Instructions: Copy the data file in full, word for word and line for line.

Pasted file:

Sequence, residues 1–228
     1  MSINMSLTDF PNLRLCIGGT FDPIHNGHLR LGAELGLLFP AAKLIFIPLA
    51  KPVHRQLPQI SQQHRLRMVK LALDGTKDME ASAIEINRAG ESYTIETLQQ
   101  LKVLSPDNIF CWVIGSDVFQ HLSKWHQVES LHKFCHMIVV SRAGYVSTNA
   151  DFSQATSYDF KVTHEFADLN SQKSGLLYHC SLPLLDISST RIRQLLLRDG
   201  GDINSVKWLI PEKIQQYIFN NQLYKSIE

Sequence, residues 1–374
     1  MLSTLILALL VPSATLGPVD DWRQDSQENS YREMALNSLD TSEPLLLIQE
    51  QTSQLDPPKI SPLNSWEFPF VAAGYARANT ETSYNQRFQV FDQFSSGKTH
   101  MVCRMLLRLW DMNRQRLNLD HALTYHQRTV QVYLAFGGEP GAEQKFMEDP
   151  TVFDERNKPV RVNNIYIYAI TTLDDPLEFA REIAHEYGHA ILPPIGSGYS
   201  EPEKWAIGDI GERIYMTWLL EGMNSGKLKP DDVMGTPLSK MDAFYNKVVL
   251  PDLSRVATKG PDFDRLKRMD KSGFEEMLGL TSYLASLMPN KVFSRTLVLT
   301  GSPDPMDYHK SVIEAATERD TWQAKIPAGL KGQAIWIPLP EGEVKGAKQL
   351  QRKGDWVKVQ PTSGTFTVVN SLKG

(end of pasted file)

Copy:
Sequence, residues 1–228
     1  MSINMSLTDF PNLRLCIGGT FDPIHNGHLR LGAELGLLFP AAKLIFIPLA
    51  KPVHRQLPQI SQQHRLRMVK LALDGTKDME ASAIEINRAG ESYTIETLQQ
   101  LKVLSPDNIF CWVIGSDVFQ HLSKWHQVES LHKFCHMIVV SRAGYVSTNA
   151  DFSQATSYDF KVTHEFADLN SQKSGLLYHC SLPLLDISST RIRQLLLRDG
   201  GDINSVKWLI PEKIQQYIFN NQLYKSIE

Sequence, residues 1–374
     1  MLSTLILALL VPSATLGPVD DWRQDSQENS YREMALNSLD TSEPLLLIQE
    51  QTSQLDPPKI SPLNSWEFPF VAAGYARANT ETSYNQRFQV FDQFSSGKTH
   101  MVCRMLLRLW DMNRQRLNLD HALTYHQRTV QVYLAFGGEP GAEQKFMEDP
   151  TVFDERNKPV RVNNIYIYAI TTLDDPLEFA REIAHEYGHA ILPPIGSGYS
   201  EPEKWAIGDI GERIYMTWLL EGMNSGKLKP DDVMGTPLSK MDAFYNKVVL
   251  PDLSRVATKG PDFDRLKRMD KSGFEEMLGL TSYLASLMPN KVFSRTLVLT
   301  GSPDPMDYHK SVIEAATERD TWQAKIPAGL KGQAIWIPLP EGEVKGAKQL
   351  QRKGDWVKVQ PTSGTFTVVN SLKG